Stroll around Brooklyn’s Crown Heights and you will easily stumble on the borough’s Botanic Garden and Children’s Museum, but hidden 30 feet underground find another neighbourhood gem. Tucked below the streets of Brooklyn, Crown Finish Caves holds upwards of 22,000 pounds of cheese.
The cheese aging facility was once home to the old Nassau Brewery, operating in Brooklyn until it shuttered in 1916. Its lagering tunnels remain intact, however, and still naturally maintain a year-round temperature of about 50 degrees Fahrenheit. Coincidentally, the perfect temperature for aging lagers is also the perfect temperature to age cheese, so the husband and wife team who own the building transformed the caves into a cheese lover’s wonderland.
Crown Finish Caves doesn’t make their own cheese, but instead ages different varieties from artisan producers near and far. Most of the young cheeses, all less than two weeks old, are from within 250 miles of New York City, but a few hail from Wisconsin, Vermont, and even Lombardy, Italy. The caves are brimming with both traditional and unique cheeses, from a small-batch cheddar to a mixed milk triple crème washed in a Saison beer from local Three’s Brewing in Gowanus.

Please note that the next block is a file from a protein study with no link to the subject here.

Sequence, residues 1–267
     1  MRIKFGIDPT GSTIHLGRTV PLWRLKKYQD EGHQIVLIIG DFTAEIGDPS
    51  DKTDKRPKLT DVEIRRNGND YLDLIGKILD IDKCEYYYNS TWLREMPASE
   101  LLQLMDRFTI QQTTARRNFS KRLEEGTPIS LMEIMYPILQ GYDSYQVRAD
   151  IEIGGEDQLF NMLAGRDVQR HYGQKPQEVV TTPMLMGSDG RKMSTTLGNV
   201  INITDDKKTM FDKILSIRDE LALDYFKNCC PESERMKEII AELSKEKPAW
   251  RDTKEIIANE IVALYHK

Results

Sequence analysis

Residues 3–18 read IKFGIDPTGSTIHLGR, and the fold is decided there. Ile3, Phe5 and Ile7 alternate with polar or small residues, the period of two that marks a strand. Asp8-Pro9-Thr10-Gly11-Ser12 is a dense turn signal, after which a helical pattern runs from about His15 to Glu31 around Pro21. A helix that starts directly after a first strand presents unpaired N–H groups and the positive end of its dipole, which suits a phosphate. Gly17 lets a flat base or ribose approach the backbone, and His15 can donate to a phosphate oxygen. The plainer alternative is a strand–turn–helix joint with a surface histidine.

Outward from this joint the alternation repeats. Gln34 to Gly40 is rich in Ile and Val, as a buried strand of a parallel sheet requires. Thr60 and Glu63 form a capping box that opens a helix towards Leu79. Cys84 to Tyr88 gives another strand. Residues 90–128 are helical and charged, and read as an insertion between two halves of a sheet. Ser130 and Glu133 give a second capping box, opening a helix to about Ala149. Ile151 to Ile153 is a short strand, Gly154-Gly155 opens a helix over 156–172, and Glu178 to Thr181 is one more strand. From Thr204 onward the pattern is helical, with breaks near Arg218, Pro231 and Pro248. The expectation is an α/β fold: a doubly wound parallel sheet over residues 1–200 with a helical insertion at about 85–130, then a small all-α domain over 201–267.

An afternoon with Sam and Benton at @crownfinishcaves Such forward thinking dudes, washing cheese in orange wine, cider & beer, rubbing with lard, different methods of salting and really pushing the envelope with American cheese. How good would it be to one day do a collab and have one of mine in this 1850’s brewery, 30ft below the surface of the streets of Brooklyn? Amazing work guys @crownfinishcaves 👊🏼
A post shared by @goldstreetdairy on Nov 14, 2016 at 4:26pm PST
While there are no public tours of the facility, Crown Finish Caves hosts monthly cheese pop-ups underground, in addition to other events. Joshua Bernstein, beer and spirits journalist and author of Complete IPA, has hosted a beer and cheese tasting in the lagering tunnels. “Descending the winding spiral staircase 30 feet beneath the Brooklyn streets is like traveling back in time to the 1850s, an era short on refrigeration and long on the labor needed to carve out these massive tunnels,” Bernstein told Lonely Planet. “It’s Brooklyn’s brewing past repurposed for a flavorful new future.”
Get your hands on Brooklyn-aged cheeses in shops from New York City to Nashville and beyond.
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